After two hours without a cigarette, your heart rate and blood pressure will be close to normal levels again. Your blood circulation will also start to improve. The tips of your fingers and toes may start to feel warm.
Nicotine withdrawal symptoms usually start about two hours after your last cigarette. Early withdrawal symptoms include:
- intense cravings
- anxiety, tension, or frustration
- drowsiness or trouble sleeping
- increased appetite
12 hours after you quit
Carbon monoxide, which can be toxic to the body at high levels, is released from burning tobacco and inhaled as part of cigarette smoke. Carbon monoxide bonds very well to blood cells, so high levels of the gas can prevent the cells from bonding with oxygen. The lack of oxygen in the blood often causes serious heart conditions and other health problems. In as few as 12 hours after quitting smoking, the carbon monoxide in your body decreases to lower levels. In turn, the amount of oxygen in your blood increases to normal levels.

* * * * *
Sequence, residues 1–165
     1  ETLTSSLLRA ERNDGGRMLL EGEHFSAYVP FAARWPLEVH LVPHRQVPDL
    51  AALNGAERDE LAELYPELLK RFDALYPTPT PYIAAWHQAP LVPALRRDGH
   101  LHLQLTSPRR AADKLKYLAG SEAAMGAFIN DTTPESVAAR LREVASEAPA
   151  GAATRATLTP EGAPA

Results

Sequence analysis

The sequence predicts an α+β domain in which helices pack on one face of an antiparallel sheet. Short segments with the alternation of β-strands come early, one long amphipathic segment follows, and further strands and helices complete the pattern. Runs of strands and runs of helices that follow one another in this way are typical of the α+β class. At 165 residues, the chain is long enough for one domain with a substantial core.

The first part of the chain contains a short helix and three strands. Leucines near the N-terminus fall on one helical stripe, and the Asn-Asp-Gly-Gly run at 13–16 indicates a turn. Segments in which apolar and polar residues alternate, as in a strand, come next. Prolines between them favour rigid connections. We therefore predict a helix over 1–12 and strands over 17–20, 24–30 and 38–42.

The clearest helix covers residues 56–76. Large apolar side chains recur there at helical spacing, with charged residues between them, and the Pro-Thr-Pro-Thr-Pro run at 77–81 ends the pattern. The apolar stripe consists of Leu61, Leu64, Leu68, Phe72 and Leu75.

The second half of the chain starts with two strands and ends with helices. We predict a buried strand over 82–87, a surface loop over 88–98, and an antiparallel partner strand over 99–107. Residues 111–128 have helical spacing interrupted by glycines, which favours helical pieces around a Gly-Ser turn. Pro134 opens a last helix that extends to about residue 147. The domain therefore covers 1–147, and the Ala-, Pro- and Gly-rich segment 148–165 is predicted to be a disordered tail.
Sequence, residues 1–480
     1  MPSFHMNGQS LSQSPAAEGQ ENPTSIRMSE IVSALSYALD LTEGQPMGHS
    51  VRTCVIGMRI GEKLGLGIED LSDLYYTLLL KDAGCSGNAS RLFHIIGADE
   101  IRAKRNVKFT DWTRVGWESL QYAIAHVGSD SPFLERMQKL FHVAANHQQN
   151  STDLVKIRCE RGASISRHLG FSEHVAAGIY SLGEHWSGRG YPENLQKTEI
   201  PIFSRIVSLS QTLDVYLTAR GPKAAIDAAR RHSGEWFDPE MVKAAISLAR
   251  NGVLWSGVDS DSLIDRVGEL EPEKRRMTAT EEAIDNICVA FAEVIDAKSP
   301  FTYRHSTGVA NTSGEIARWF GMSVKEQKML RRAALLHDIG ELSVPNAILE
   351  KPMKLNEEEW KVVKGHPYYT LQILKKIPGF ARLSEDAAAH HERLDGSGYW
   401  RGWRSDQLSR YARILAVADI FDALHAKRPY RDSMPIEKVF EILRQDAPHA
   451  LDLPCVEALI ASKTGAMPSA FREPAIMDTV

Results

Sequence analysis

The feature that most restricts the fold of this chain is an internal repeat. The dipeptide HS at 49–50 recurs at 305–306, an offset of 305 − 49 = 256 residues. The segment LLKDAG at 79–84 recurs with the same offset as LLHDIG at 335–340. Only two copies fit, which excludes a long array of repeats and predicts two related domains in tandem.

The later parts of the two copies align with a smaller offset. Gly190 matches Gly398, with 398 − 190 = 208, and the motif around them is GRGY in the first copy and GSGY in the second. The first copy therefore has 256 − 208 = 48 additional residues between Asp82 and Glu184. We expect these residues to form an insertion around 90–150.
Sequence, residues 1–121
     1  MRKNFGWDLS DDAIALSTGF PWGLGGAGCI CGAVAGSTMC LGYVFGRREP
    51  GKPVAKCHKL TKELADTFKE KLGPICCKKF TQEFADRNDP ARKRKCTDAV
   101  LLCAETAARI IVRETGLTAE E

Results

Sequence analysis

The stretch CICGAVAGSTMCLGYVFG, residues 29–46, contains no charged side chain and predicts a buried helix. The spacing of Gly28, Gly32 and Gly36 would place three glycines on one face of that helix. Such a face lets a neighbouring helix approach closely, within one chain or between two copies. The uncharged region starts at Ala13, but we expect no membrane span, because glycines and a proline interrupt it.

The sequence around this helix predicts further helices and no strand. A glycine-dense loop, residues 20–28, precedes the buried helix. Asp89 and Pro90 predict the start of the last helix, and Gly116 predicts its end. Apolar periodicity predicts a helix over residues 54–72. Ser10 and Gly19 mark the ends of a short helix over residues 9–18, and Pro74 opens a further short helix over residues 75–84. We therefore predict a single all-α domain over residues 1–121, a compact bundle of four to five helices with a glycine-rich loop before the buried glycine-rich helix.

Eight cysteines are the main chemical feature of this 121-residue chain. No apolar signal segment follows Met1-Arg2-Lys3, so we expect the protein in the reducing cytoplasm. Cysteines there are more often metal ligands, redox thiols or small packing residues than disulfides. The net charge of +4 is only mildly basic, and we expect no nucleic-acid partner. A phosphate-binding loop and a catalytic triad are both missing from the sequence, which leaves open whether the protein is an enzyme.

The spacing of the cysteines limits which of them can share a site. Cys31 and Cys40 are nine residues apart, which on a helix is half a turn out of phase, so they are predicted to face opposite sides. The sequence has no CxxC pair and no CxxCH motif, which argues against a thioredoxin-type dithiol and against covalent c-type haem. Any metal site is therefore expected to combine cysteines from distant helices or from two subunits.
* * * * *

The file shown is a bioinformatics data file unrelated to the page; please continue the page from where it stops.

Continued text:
24 hours after you quit
The risk of coronary artery disease for smokers is 70 percent higher than for nonsmokers. It is the most common form of heart disease and the leading cause of death in the United States, according to the National Heart, Lung, and Blood Institute. However, just one full day after quitting smoking, your risk for coronary artery disease will already begin to reduce. Your risk of having a heart attack also starts to decline. While you’re not quite out of the woods yet, you’re on your way
48 hours after you quit
It may not be life-threatening, but an inability to smell or taste well is one of the more obvious consequences of smoking. Once you quit smoking for 48 hours, your nerve endings will start to regrow, and your ability to smell and taste will improve. You’ll soon start to better appreciate the finer things in life.
3 days after you quit
At this point, the nicotine will be completely out of your body. This means that the symptoms of nicotine withdrawal may peak around this time. You might experience some physical and emotional symptoms during withdrawal. These include: